Washington, D.C., was in a panic! 72,000 Confederate troops were just sixty miles away near Gettysburg, Pennsylvania. After the Confederate victory at the Battle of Chancellorsville, Robert E. Lee was under a time deadline. Mounting casualties of the war were causing Lincoln’s popularity to fall, so if Lee could get a quick victory at Gettysburg, he could pressure Lincoln to a truce.
But this window of opportunity was fast closing, as Union Gen. Ulysses S. Grant was about to capture Vicksburg on the Mississippi, which would divide the Confederacy and free up thousands of Union troops to fight Lee in the east.
Unfortunately for Lee, his tremendously successful general, “Stonewall” Jackson, had died two months earlier, having been mistakenly shot by his own men. On the Union side, Lincoln replaced Maj. Gen. Joseph Hooker with Maj. Gen. George Meade to command the 94,000 men of the Union Army of the Potomac.
The Battle of Gettysburg began July 1, 1863. After two days of intense combat, with ammunition running low, General Robert E. Lee ordered a direct attack. Confederate General James Longstreet disagreed with Lee’s plan, resulting in his delayed advance till after all the Confederate artillery had been spent, leaving no cover fire.
Historians speculate that if General Longstreet had made a timely attack, the Confederates may have won the day. As it happened, 12,500 Confederate soldiers marched across a mile of open field without artillery cover to make “Pickett’s Charge” directly into the Union position at Cemetery Ridge. An hour of murderous fire and bloody hand-to-hand combat ensued, followed by the Confederates being pushed back.
The Battle of Gettysburg ended July 3, 1863, with over 50,000 casualties.
The next day, Vicksburg surrendered to General Grant, giving the Union Army control of the Mississippi River. When news reached London, all hopes of Europe recognizing the Confederacy were lost. For the next two years, the South was on the defensive.
On July 5, 1863, President Lincoln and his son visited General Daniel E. Sickles, who had his leg blown off at Gettysburg. General James F. Rusling recorded that when General Sickles asked Lincoln if was anxious before the Battle, Lincoln answered: “No, I was not; some of my Cabinet and many others in Washington were, but I had no fears. …”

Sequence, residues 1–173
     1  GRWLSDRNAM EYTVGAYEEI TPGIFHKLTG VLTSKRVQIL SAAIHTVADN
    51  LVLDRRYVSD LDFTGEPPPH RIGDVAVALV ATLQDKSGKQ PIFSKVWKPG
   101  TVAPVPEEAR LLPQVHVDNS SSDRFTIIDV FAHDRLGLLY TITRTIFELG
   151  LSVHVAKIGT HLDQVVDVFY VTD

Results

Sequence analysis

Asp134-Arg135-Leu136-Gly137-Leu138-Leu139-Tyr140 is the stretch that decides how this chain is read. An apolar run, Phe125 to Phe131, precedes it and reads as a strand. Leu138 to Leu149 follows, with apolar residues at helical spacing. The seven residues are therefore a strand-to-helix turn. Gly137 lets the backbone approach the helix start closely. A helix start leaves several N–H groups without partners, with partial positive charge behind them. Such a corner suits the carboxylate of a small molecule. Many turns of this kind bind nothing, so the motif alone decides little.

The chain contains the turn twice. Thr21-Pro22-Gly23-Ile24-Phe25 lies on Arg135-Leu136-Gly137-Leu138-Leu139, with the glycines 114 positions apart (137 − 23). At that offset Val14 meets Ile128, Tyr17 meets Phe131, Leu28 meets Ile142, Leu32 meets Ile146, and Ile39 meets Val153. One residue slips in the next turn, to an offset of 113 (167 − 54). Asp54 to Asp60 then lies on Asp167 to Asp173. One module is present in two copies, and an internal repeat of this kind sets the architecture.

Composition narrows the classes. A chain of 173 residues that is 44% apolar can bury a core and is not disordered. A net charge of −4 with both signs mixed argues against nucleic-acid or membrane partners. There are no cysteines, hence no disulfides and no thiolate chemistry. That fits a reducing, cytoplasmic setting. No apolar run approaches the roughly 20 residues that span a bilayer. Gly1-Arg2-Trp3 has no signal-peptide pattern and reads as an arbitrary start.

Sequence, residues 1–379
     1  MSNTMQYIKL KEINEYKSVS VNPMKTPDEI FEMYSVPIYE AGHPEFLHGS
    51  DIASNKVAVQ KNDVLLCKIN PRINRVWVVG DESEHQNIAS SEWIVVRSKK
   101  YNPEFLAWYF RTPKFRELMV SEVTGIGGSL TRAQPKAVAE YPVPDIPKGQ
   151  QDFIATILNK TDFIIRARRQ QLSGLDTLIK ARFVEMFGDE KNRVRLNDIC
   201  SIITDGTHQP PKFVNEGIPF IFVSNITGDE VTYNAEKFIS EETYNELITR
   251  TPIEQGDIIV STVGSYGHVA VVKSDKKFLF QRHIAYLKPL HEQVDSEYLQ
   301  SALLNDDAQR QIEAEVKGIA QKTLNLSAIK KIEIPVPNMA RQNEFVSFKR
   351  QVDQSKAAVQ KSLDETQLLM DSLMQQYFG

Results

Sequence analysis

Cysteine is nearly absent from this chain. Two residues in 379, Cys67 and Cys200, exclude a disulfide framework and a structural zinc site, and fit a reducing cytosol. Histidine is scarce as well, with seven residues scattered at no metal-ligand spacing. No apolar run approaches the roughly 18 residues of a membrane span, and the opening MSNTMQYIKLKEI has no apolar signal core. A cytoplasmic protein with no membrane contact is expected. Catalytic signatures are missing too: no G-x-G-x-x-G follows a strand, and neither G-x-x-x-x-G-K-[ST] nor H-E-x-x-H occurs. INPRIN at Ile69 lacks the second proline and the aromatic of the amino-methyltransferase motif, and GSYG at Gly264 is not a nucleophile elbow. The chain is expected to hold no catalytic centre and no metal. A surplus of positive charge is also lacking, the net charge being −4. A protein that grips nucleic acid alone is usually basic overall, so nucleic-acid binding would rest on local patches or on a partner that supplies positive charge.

Lincoln continued: “In the pinch of your campaign up there, when everybody seemed panic-stricken, and nobody could tell what was going to happen, oppressed by the gravity of our affairs, I went to my room one day, and I locked the door, and got down on my knees before Almighty God, and prayed to Him mightily for victory at Gettysburg. I told Him that this was His war, and our cause His cause, but we couldn’t stand another Fredericksburg or Chancellorsville. And I then and there made a solemn vow to Almighty God, that if He would stand by our boys at Gettysburg, I would stand by Him. …”
Lincoln added: “And He did stand by you boys, and I will stand by Him. And after that (I don’t know how it was, and I can’t explain it), soon a sweet comfort crept into my soul that God Almighty had taken the whole business into his own hands and that things would go all right at Gettysburg.”
Twelve days after the Battle of Gettysburg, July 15, 1863, Lincoln proclaimed a day of prayer: “It is meet and right to recognize and confess the presence of the Almighty Father and the power of His hand equally in these triumphs and in these sorrows. … I invite the people of the United States to … render the homage due to the Divine Majesty for the wonderful things He has done in the nation’s behalf and invoke the influence of His Holy Spirit to subdue the anger which has produced and so long sustained a needless and cruel rebellion.”
In his Gettysburg Address, Nov. 19, 1863, Abraham Lincoln ended: “We here highly resolve that these dead shall not have died in vain – that this nation, under God, shall have a new birth of freedom – and that government of the people, by the people, for the people, shall not perish from the earth.”
Years later at the Gettysburg Battlefield, President Franklin D. Roosevelt stated May 30, 1934: “On these hills of Gettysburg two brave armies of Americans once met in contest. … Since those days, two subsequent wars, both with foreign Nations, have measurably … softened the ancient passions. It has been left to us of this generation to see the healing made permanent.”
In his third inaugural address, President Franklin D. Roosevelt said, Jan. 20, 1941: “The spirit of America … is the product of centuries … born in the multitudes of those who came from many lands. … The democratic aspiration is no mere recent phase in human history. It is human history. … Its vitality was written into our own Mayflower Compact, into the Declaration of Independence, into the Constitution of the United States, into the Gettysburg Address. … If the spirit of America were killed, even though the nation’s body … lived on, the America we know would have perished.”
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